The Road Back to Recovery
David Wyeth – 10th October 2017
The London Marathon “experience” feels like a distant dream, which you could say is a good thing seeing that I’m facing up to my nemesis this weekend. I was made an offer I couldn’t refuse to race Amsterdam Marathon on 15th October 2017.
Those fortunate enough to have missed a glimpse of the London “experience” need only Google “David Wyeth” (although it is safe to do so from your work computer, prepare yourself for an excess of thigh). Being something of a Luddite when it comes to all things social media, and neglecting to foster one’s own digital footprint, my prior indulgence in a low-key existence was somewhat shattered on 23rd April.
The dust has now settled, but I am grateful for the abundance of goodwill and support I received from fellow club members and beyond, not to mention the generosity towards my fundraising campaign (£11,000 raised from just over £1,000 on the morning of the race). It was truly humbling.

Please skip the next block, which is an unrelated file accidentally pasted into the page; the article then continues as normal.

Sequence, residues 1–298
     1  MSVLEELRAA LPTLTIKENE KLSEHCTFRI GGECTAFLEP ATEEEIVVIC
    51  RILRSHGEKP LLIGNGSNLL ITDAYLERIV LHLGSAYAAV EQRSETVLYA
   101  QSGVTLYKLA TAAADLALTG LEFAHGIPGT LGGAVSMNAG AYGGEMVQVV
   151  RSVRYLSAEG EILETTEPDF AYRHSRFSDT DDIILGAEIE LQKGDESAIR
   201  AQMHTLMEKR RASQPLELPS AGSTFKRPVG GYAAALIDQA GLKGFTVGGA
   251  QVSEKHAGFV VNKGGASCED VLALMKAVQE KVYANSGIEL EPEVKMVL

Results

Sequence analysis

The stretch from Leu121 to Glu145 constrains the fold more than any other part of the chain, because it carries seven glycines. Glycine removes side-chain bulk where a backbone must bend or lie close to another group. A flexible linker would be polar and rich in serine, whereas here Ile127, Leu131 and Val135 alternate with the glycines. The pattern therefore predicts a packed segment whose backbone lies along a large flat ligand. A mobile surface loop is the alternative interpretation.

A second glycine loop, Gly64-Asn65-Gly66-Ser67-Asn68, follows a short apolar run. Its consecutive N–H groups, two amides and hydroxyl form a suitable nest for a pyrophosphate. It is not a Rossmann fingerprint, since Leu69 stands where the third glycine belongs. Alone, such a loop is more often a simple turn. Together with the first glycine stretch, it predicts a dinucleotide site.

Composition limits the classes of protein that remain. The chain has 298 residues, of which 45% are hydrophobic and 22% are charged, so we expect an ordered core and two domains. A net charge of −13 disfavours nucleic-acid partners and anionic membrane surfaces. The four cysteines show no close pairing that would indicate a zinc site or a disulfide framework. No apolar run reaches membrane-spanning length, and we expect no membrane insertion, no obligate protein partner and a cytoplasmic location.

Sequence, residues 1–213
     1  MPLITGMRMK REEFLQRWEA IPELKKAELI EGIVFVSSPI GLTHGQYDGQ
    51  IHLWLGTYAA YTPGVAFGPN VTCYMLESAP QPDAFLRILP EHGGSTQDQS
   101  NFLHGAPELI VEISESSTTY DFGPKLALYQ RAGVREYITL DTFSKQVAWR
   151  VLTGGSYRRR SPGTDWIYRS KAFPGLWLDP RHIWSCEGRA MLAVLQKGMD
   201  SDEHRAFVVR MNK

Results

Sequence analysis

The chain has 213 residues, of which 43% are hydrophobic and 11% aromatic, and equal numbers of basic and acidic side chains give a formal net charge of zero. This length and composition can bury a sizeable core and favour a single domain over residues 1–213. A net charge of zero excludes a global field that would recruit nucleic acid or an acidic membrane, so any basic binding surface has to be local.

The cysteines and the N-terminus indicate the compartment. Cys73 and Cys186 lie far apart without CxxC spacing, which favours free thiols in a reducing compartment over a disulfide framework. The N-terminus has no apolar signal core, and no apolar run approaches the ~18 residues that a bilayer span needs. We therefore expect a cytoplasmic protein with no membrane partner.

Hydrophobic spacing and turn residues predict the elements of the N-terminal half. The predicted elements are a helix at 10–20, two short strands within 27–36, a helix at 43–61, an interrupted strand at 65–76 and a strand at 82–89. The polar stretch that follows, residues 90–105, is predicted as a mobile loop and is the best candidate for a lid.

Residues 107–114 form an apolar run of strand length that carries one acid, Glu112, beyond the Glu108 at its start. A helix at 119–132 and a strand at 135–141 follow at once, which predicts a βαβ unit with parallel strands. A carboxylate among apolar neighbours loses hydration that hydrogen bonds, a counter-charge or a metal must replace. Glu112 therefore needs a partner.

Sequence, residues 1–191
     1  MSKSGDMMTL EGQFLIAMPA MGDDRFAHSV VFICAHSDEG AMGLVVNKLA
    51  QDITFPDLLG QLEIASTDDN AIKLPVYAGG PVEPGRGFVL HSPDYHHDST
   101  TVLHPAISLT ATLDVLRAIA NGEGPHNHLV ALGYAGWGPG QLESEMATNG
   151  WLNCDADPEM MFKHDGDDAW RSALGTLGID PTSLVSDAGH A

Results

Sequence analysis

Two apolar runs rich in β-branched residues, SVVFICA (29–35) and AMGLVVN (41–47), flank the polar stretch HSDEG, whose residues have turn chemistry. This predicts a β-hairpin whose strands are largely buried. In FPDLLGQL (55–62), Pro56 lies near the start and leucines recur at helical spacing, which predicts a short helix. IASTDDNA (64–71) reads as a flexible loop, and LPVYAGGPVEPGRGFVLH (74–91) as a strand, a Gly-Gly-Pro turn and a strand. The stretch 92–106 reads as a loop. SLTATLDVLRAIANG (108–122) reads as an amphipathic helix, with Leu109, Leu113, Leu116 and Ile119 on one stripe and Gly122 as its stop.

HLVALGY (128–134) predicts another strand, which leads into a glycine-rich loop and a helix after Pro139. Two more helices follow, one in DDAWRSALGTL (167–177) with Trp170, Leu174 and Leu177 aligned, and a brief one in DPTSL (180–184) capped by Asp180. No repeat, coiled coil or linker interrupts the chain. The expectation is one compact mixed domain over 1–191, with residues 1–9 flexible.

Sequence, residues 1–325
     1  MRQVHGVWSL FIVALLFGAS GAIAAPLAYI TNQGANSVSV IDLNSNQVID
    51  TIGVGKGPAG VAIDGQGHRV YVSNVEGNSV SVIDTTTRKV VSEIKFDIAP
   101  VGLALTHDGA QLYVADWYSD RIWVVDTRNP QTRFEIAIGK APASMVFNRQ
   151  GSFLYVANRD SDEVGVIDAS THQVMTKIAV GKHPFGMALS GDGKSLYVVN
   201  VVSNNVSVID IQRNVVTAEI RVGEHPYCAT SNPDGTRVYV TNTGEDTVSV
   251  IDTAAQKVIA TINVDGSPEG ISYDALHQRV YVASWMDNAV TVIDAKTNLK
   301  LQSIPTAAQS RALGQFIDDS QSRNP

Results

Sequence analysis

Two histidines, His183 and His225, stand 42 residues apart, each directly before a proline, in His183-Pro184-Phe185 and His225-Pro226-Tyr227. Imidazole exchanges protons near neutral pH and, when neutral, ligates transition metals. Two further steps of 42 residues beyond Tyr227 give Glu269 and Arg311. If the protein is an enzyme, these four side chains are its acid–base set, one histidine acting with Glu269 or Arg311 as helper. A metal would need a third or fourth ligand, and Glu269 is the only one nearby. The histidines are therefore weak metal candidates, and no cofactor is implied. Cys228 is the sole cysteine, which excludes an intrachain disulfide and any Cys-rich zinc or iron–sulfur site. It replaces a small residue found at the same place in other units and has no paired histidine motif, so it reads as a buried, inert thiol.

I’m writing here because I wanted to share my sincere thanks, and should you wish to read further I thought I’d provide an insight to my process of recovery, to enable me to ‘go again’.
I refer to it being a process of recovery because my real-time experience of events was akin to a horror show: a personal goal for which I had invested much effort unravelled dramatically before me. A truly heart-warming incident followed, referred to by one online commentator as ‘the kindness of strangers’, was caught on the live broadcast and went viral. For the privilege of being caught up in the story I have no regrets. Never the less there was a lingering toll on my body due to the extremes to which I had pushed myself. Having thrashed my body and limbs to their limit for 26 miles, rather than the usual warm down, I was horizontal for well over an hour being plied with oxygen, water, jelly bellies, and whatever else to get some fuel on-board. Lying there, I couldn’t lift a finger but throughout the ordeal was entirely lucid. Once stabilised, my quads physically would not contract to enable me to stand-up. It was as if the connecting tendons had simply been cut away – it was quite alarming.